NCO Academy classes for 771 airmen were interrupted by the shutdown. There is no word on when they will resume. (Senior Airman Aaron-Forrest Wainwright/Air Force)
BY THE NUMBERS
Since Oct. 1:
771 airmen at NCO Academies were sent home
154 students were able to finish the course
125 airmen in Airman Leadership School were sent home
The careers of close to 900 enlisted airmen are in limbo after their professional military education courses were interrupted by the government shutdown, according to the Air Force.
Since Congress failed to agree on funding the government for this fiscal year, 771 airmen have been sent back to their duty stations before finishing the Noncommissioned Officer Academy. Another 125 airmen were sent home before completing Airman Leadership School, according to data provided by the Barnes Center for Enlisted Education at Air University.
As of Oct. 10, it was not known if all those airmen would be able to return to the in-residence courses, Chief Master Sergeant of the Air Force James Cody said.
The Air Force is formulating a policy outlining varying options — “whether we’ll be able to give some people credit, how they’ll finish up the course, whether we’ll send them back,” Cody said in an interview.
Cody expected that guidance to be issued shortly. He said he did not want to talk about the options being considered until they are finalized because some of the possible solutions may turn out not to be feasible.
Not everyone at the NCO Academy was sent home: 154 students were able to finish the course, according to the Air Force.
Senior airmen need to complete Airman Leadership School in order to be promoted to staff sergeant and technical sergeants need to finish the NCO Academy before they can advance to master sergeant.The Senior Noncommissioned Officer Academy was not in session when the shutdown hit.
The sudden interruption in professional military education has left affected airmen confused about what happens next in their career development.
Tech. Sgt. Thom Sidelinger was sent home from the NCO Academy on Oct. 4. He was told he would not get credit for the 11 days of work he did while there.
“That part makes sense because they can’t guarantee that every single person they’re going to send home can make it to the next class and pick up right exactly where we left off,” Sidelinger said.
Of his class of 160 students at Peterson Air Force Base, Colo., between 15 to 20 lived locally so they were allowed to finish the course, said Sidelinger, who lives 840 miles away in Great Falls, Mont.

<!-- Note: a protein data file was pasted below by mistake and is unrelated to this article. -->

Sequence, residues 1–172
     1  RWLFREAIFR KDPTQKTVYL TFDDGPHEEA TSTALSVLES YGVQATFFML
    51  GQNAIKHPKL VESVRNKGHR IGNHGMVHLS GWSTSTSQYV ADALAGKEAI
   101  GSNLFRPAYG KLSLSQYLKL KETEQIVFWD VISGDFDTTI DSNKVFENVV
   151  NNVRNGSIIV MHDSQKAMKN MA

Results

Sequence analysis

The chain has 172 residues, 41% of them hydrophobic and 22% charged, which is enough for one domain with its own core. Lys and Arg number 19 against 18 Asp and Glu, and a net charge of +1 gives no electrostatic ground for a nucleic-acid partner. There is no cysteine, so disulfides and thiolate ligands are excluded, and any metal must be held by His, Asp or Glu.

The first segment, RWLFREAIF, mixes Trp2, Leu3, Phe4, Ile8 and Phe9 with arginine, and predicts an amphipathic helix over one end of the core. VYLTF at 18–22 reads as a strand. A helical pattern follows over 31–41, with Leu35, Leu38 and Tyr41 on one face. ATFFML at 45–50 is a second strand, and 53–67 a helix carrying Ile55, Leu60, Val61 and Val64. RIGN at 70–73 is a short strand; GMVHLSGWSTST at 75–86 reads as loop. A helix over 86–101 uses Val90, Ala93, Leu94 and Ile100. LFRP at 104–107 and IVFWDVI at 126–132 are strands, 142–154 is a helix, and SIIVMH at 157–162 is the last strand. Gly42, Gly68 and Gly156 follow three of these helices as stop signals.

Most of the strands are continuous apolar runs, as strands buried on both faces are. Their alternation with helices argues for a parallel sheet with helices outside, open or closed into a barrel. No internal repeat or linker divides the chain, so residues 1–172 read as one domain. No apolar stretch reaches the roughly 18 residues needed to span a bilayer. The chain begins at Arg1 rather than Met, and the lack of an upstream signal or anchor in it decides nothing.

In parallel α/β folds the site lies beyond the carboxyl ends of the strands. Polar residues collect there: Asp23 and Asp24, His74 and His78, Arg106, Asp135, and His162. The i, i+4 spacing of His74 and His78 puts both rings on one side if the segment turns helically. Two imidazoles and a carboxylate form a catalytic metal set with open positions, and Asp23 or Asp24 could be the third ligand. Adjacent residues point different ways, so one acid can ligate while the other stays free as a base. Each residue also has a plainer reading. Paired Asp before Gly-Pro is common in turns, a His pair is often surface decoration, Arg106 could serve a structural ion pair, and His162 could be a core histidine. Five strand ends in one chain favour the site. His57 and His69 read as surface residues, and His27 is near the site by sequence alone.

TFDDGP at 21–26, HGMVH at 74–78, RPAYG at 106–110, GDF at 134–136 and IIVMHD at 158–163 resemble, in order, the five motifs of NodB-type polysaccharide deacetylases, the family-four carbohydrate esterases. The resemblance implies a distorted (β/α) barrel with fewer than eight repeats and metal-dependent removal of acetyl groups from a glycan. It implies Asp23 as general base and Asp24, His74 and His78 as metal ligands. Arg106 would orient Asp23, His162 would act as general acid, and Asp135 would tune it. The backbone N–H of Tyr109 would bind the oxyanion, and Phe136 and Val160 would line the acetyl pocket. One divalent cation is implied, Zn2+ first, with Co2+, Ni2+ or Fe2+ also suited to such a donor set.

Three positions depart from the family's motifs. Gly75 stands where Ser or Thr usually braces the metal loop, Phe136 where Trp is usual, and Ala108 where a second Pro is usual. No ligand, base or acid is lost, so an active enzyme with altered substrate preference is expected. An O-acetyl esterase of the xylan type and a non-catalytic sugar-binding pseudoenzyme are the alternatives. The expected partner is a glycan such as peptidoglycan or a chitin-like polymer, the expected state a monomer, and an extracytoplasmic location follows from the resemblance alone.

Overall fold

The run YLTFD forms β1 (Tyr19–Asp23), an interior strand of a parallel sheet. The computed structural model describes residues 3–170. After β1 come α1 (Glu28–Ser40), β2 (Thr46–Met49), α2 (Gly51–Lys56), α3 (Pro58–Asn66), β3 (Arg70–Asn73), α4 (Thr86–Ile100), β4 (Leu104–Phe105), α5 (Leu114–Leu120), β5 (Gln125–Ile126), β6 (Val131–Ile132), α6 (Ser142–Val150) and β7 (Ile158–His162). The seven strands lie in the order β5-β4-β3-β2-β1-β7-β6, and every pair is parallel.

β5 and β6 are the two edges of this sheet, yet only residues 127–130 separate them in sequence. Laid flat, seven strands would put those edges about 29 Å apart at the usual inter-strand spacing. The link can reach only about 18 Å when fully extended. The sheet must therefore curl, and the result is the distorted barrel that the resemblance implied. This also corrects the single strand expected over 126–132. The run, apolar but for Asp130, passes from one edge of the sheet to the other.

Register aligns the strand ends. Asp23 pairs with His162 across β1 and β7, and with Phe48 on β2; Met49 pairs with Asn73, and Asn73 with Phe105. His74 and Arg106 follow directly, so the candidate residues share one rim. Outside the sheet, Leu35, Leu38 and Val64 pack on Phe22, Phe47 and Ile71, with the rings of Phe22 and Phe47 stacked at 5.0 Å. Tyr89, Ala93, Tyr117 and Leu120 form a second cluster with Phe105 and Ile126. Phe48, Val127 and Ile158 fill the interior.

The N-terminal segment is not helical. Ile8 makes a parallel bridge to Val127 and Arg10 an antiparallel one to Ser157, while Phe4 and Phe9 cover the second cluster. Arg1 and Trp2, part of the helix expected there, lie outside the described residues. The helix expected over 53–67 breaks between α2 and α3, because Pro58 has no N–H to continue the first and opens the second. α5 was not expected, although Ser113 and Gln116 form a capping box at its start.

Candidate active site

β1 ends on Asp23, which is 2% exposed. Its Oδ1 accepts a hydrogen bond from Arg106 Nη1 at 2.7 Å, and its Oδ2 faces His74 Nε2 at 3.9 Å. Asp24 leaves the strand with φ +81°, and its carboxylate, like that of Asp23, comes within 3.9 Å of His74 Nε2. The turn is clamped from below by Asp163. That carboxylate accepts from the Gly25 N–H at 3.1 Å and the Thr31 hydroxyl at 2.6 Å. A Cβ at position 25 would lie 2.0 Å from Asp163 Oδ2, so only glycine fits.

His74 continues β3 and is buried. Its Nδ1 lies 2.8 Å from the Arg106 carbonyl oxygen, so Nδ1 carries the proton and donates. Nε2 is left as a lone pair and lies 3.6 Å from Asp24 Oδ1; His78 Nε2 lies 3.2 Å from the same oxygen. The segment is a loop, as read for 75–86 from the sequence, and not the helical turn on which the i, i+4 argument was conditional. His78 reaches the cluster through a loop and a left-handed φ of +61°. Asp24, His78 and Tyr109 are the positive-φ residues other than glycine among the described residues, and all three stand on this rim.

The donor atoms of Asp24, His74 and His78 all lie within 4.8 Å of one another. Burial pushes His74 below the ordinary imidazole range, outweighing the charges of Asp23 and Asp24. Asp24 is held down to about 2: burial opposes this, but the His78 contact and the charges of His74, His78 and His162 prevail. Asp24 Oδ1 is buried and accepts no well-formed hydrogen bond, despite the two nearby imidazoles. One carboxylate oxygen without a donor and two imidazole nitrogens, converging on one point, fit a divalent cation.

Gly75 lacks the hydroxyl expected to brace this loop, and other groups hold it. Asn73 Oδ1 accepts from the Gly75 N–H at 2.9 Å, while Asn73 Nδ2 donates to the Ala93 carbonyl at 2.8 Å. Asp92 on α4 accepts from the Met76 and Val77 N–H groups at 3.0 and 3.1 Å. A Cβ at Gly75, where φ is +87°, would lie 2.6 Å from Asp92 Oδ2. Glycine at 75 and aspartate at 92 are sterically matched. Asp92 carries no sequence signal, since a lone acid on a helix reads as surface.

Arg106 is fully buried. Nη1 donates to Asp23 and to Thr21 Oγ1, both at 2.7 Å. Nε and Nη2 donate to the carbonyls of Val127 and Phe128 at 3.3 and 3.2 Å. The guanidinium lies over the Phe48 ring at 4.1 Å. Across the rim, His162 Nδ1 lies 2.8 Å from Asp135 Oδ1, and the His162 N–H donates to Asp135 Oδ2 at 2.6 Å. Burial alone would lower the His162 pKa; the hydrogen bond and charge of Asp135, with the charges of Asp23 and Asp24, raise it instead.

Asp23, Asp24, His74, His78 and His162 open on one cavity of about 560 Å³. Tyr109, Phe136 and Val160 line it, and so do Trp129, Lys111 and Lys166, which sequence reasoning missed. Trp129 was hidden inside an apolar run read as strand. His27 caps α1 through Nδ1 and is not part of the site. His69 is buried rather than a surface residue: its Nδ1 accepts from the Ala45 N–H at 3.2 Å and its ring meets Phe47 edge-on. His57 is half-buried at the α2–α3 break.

Sidelinger said he has been guaranteed a slot in an upcoming class at the NCO Academy, but he does not know when that will be.
“How would you feel if you wasted three weeks of your life away from your family?” he said. “And it’s a waste of money because taxpayers are now going to have to pay for me to go twice instead of once.”
Other airmen who spoke to Air Force Times anonymously said they were unsure whether they would be allowed to return to their in-residence courses.
“We can’t even be told whether or not we’re going to go back and have to start over at the beginning or go back finish off where we left off,” said one airman stationed in North Carolina, who asked not to be identified.
If he is told that he will not get credit for the four weeks he spent at the NCO Academy at McGhee Tyson Air National Guard Base, Tenn., the airman said he plans to contact the Air Force inspector general’s office.
Most of the airman’s ire is directed toward Congress.
“I would tell them to get their act together and see how this is affecting the lives of everybody,” the airman in North Carolina said.
Reservists have been particularly hard hit by the interruption in PME courses because they have to ask their employers if they can return to work and ask for more time off to take the course again, said Reserve Master Sgt. Manuel Chavez, of the 439th Airlift Wing at Westover Air Reserve Base, Mass.
“The employer can essentially say, ‘I already had you slotted for this time; I already have overtime built in to cover your shift,’ or ‘I brought in another person to cover your shift,’ ” Chavez said.
Chavez had been slated to attend the Senior Noncommissioned Officer Academy on Oct. 7, but now that has been pushed to Oct. 21 if Congress can pass some kind of funding for the government. The later start would mean he would miss drill weekends through December.
Despite the problems caused by the change in schedule, Chavez is determined not to pass up the opportunity to go to school.
“I have to do it,” he said. “It’s something I need to do, I want to do, and I think it’s going to be better for me and the Air Force in the end.”
Meanwhile, he too is frustrated with Congress. “I no longer wish to see the American military member forced to be the punching bag or consistently be the can that gets kicked down the road,” he said. “The soldiers, sailors, airmen, Marines and Guardsmen and women who are America’s most loyal servants must not be further abused because one is unwilling to or is failing to do the people’s wishes.”